Posted in: news

15th December 2017

A Major Step Forward For Transparent Markets

Today the European Union took a significant step to make their common market more transparent and to enable greater integrity in business across the region. Officials have agreed upon the 5th EU Anti-Money Laundering Directive, which will require the public disclosure of beneficial ownership information across the EU. This will allow companies, investors and the public to see who ultimately owns or controls companies through public registers of beneficial ownership.

All EU members are joining leading countries including the United Kingdom, Denmark, Kenya, Ghana, Nigeria, Ukraine and Afghanistan in committing to and implementing public registers of beneficial ownership.

B Team Leaders have called for public, open data registers of beneficial ownership information in all jurisdictions. This reflects the demand from business for access to high quality information on company ownership. According to EY’s 2016 Global Fraud Survey, 91 percent of senior executives believe it is important to know the ultimate beneficial ownership of the entities with which they do business. Companies and investors are already starting to act to increase transparency and this agreement will only strengthen their efforts.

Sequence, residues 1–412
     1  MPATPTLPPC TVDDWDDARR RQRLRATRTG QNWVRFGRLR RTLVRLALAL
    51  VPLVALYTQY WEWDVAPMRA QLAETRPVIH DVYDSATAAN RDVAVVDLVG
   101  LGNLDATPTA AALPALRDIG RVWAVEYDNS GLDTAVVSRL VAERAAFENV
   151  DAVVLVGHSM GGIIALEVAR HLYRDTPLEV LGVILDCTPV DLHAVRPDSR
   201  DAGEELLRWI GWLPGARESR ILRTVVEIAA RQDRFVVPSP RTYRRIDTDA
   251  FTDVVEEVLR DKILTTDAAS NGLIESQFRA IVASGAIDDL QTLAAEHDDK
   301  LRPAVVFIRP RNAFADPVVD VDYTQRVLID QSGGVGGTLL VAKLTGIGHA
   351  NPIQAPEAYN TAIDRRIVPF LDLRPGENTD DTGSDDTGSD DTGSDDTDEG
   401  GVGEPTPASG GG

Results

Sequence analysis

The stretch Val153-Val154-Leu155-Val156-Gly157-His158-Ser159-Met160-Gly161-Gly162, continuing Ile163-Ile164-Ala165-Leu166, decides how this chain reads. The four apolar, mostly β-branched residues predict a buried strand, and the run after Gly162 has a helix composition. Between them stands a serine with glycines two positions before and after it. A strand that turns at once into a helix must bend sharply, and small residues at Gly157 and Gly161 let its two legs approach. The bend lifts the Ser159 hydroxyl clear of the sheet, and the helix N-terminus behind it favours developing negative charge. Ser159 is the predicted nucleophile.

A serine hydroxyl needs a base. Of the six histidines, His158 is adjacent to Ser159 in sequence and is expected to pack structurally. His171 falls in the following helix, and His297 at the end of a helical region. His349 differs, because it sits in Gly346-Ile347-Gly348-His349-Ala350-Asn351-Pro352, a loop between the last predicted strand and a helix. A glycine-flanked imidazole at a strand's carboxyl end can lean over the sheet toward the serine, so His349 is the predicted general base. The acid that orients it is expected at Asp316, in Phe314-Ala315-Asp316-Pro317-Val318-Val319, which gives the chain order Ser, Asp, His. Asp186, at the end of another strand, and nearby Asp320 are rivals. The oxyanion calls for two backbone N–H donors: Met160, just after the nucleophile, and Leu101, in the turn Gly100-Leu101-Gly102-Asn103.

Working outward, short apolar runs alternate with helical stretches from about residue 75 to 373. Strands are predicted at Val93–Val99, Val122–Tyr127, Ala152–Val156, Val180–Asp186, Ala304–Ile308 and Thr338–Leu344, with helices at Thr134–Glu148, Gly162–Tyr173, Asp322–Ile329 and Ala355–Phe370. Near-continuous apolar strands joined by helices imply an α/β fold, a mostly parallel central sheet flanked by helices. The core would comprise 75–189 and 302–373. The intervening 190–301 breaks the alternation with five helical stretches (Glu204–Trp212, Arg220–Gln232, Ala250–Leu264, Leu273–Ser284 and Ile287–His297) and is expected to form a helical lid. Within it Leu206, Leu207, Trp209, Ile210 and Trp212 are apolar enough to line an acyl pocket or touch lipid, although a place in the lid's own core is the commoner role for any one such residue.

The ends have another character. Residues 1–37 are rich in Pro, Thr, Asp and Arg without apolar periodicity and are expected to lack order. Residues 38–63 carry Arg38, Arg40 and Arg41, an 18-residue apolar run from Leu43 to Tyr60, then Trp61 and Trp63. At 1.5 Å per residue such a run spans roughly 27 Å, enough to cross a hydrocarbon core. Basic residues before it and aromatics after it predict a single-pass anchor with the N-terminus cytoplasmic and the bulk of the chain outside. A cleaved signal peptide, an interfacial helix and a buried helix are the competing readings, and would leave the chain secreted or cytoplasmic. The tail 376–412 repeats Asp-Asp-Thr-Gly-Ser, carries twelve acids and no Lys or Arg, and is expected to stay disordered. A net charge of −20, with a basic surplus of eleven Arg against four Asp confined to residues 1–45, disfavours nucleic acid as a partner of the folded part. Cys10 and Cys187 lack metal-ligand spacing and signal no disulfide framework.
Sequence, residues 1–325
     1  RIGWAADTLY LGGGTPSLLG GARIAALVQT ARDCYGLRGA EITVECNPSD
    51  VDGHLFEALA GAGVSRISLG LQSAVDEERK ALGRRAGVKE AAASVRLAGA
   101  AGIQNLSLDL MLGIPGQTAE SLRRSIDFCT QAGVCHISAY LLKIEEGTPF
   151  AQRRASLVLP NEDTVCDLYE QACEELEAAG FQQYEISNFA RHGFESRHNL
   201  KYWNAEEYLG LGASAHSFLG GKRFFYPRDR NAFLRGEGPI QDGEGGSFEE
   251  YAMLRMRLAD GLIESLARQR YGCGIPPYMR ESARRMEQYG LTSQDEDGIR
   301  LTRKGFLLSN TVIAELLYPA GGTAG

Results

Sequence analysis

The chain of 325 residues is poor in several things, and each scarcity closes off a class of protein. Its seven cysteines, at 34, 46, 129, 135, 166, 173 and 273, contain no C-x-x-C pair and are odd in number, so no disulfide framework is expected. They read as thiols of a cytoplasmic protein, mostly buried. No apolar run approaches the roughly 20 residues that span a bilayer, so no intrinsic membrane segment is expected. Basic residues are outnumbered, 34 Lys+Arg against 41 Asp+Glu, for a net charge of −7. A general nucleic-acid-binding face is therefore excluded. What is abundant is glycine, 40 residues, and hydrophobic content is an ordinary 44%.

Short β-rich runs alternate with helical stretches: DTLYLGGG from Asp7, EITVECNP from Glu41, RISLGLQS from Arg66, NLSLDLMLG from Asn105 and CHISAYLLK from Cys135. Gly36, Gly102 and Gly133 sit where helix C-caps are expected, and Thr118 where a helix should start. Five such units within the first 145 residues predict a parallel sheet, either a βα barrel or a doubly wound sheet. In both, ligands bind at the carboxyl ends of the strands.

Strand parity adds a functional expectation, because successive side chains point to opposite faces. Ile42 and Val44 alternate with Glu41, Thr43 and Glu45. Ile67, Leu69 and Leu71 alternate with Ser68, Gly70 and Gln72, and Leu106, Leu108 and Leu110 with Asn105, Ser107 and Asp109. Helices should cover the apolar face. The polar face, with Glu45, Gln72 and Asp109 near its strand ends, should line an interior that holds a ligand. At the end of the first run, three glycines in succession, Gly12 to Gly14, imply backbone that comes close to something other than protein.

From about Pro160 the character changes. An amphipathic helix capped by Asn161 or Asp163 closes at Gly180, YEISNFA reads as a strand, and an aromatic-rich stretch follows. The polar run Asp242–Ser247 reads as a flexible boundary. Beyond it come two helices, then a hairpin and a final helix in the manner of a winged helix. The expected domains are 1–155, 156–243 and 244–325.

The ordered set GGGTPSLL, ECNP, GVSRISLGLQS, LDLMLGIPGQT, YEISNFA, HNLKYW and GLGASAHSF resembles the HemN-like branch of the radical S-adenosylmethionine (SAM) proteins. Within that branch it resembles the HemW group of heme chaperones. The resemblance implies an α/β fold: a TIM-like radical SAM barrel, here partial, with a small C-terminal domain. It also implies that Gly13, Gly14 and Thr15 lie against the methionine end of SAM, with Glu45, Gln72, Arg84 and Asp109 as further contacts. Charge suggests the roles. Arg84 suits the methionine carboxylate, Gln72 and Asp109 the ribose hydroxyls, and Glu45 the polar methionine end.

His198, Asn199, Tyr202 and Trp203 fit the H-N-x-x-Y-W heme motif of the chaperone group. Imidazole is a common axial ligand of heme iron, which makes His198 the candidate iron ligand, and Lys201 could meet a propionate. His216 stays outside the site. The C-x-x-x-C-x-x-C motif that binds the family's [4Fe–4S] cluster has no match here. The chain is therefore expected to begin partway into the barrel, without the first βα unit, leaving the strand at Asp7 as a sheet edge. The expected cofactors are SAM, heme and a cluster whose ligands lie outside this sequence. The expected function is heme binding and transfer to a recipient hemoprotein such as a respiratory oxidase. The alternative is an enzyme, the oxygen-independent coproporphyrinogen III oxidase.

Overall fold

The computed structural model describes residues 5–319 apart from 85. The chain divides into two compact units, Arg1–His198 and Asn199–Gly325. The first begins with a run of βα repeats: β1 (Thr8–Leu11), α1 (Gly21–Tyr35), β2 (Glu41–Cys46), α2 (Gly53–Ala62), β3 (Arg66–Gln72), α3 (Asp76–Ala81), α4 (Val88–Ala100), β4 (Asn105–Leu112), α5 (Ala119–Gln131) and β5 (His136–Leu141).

“Access to company ownership information is critical for businesses and investors, enhancing their ability to identify and manage risks, develop supply chains with integrity and better allocate capital to worthwhile investments,” said May Miller-Dawkins, Director, Governance, at The B Team, “Quality and open data on company ownership will provide greater reputational and legal certainty in dealings with third parties, protecting business’s ability to enforce contracts and safeguard investments.”

The leadership demonstrated in this directive is a critical step to enabling companies and investors to act with integrity and to preventing harm caused by anonymous shell companies to economy and society.

This change will empower business to efficiently access and use information about those with whom they do business. Open, freely accessible ownership data can facilitate broad scrutiny of information increasing the detection of discrepancies or fraud. In their implementation, Member States should strongly consider the application of open data to their public registers to facilitate access and use of data, as well as to enable verification and visibility of ownership across borders. This includes connecting to other data sets like the global beneficial ownership register OpenOwnership, which The B Team contributed to establishing as part of a consortium of leading transparency organisations. Work led by OpenOwnership around a common data standard for beneficial ownership can help guide countries, which will also help connect their registers to other countries.

Over the long term, these efforts will help build transparent and accessible beneficial ownership information across all jurisdictions, globally. The EU has emerged as a strong leader on this issue and should encourage other countries to follow suit.